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Hackney v. California Health Care Facility

United States District Court, E.D. California

July 11, 2017

WILLIAM HACKNEY, Plaintiff,
v.
CALIFORNIA HEALTH CARE FACILITY, et al., Defendants.

          ORDER

          DEBORAH BARNES, UNITED STATES MAGISTRATE JUDGE

         Plaintiff is a state prisoner proceeding pro se and in forma pauperis with a civil rights action under 42 U.S.C. § 1983. Plaintiff alleges deliberate indifference to his medical needs in violation of the Eighth Amendment based on medical care he received in December 2013 at the California Health Care Facility (“CHCF”). Before the court are plaintiff's “Motion for a Rand Warning” and his second amended complaint for screening. For the reasons set forth below, the court will deny the motion as moot and dismiss the second amended complaint with leave to amend.

         BACKGROUND

         On screening, plaintiff's first two complaints were dismissed for failure to state a cognizable claim under § 1983 and plaintiff was given leave to file amended complaints. (Orders filed Nov. 18, 2015 and Mar. 11, 2016 (ECF Nos. 12 and 19).) On August 11, 2016, plaintiff filed a second amended complaint. (ECF No. 32.) Three days later, on August 14, 2016, attorney Timothy McCandless file a third amended complaint on plaintiff's behalf. (ECF No. 33.)

         In a filing dated November 9, 2016 and entitled “Motion for ‘Rand Warning, '” plaintiff stated that he did not authorize McCandless to file a complaint on his behalf and requested an investigation into “this fraud.” (ECF No. 36.) The court ordered McCandless to explain why he entered an appearance on plaintiff's behalf. (ECF No. 39.) McCandless filed a declaration on March 22, 2017. (ECF No. 41.) On April 12, plaintiff filed a statement that he had no objection to McCandless's representation. To clarify the record, on May 26, the court ordered McCandless to file a “Substitution of Attorneys” pursuant to Local Rule 182(g) within thirty days. McCandless and plaintiff were advised that if a Substitution of Attorneys was not filed, the court would assume plaintiff continues in this action in pro per and this case would proceed on the second amended complaint filed by plaintiff on August 11, 2016. (ECF No. 45.)

         Thirty days have passed and neither a Substitution of Attorneys nor any other response to the court's May 26 order has been filed. Accordingly, this case proceeds on plaintiff's second amended complaint filed August 11, 2016. (ECF No. 32.)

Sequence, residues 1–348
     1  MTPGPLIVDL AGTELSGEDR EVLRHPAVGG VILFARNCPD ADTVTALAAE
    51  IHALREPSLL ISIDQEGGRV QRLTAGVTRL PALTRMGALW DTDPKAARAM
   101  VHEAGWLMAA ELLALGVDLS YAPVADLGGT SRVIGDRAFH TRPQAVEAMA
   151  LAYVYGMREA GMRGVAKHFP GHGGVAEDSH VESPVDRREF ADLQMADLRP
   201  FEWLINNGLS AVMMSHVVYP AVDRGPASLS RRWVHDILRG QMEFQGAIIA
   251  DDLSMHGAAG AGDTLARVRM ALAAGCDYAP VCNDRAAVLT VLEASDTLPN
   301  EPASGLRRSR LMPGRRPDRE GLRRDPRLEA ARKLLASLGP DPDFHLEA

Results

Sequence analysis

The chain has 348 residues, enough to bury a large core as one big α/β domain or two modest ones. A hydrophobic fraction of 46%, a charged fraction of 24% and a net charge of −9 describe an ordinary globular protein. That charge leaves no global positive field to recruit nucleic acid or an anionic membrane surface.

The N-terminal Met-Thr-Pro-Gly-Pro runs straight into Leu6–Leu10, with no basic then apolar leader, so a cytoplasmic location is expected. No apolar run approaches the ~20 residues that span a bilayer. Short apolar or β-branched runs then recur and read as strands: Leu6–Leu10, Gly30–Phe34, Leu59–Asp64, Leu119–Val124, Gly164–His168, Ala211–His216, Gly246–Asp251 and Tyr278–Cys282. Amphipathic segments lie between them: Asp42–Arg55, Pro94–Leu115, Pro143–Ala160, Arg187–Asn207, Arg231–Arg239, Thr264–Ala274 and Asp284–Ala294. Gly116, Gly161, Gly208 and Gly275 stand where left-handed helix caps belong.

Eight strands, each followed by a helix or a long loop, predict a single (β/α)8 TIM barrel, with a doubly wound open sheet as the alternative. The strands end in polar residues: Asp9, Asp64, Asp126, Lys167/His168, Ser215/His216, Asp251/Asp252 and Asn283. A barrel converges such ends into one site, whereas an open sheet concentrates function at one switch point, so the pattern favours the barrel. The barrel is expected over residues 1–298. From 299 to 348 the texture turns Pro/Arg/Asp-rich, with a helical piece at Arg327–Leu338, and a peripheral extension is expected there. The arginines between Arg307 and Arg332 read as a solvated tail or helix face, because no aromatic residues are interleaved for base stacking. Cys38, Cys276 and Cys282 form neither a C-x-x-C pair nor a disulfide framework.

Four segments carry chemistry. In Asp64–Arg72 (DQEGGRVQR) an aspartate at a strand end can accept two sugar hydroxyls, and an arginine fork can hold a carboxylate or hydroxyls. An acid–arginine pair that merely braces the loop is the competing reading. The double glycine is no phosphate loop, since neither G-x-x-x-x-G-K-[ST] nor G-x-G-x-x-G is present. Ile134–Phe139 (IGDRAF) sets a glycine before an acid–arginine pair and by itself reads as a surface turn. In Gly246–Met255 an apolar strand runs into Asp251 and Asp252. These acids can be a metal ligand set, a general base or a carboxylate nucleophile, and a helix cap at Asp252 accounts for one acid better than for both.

MOTION FOR “RAND WARNING”

         As described above, in this filing, plaintiff objected to McCandless's appearance on his behalf and requested an investigation by the attorney general. (ECF No. 36.) Since then, plaintiff has explained that he has no objection to McCandless's representation. (See Apr. 12, 2017 Response (ECF No. 43).) Accordingly, the court considers this motion moot.

         SCREENING

         I. Legal Standards

         The court is required to screen complaints brought by prisoners seeking relief against a governmental entity or an officer or employee of a governmental entity. See 28 U.S.C. § 1915A(a). The court must dismiss a complaint or portion thereof if the prisoner has raised claims that are legally “frivolous or malicious, ” that fail to state a claim upon which relief may be granted, or that seek monetary relief from a defendant who is immune from such relief. See 28 U.S.C. § 1915A(b)(1) & (2).

         A claim is legally frivolous when it lacks an arguable basis either in law or in fact. Neitzke v. Williams, 490 U.S. 319, 325 (1989); Franklin v. Murphy, 745 F.2d 1221, 1227-28 (9th Cir. 1984). The court may, therefore, dismiss a claim as frivolous where it is based on an indisputably meritless legal theory or where the factual contentions are clearly baseless. Neitzke, 490 U.S. at 327. The critical inquiry is whether a constitutional claim, however inartfully pleaded, has an arguable legal and factual basis. See Franklin, 745 F.2d at 1227.

         Rule 8(a)(2) of the Federal Rules of Civil Procedure “requires only ‘a short and plain statement of the claim showing that the pleader is entitled to relief, ' in order to ‘give the defendant fair notice of what the . . . claim is and the grounds upon which it rests.'” Bell Atlantic Corp. v. Twombly, 550 U.S. 544, 555 (2007) (quoting Conley v. Gibson, 355 U.S. 41, 47 (1957)). However, in order to survive dismissal for failure to state a claim a complaint must contain more than “a formulaic recitation of the elements of a cause of action;” it must contain factual allegations sufficient “to raise a right to relief above the speculative level.” Bell Atlantic, 550 U.S. at 555. In reviewing a complaint under this standard, the court must accept as true the allegations of the complaint in question, Hospital ...


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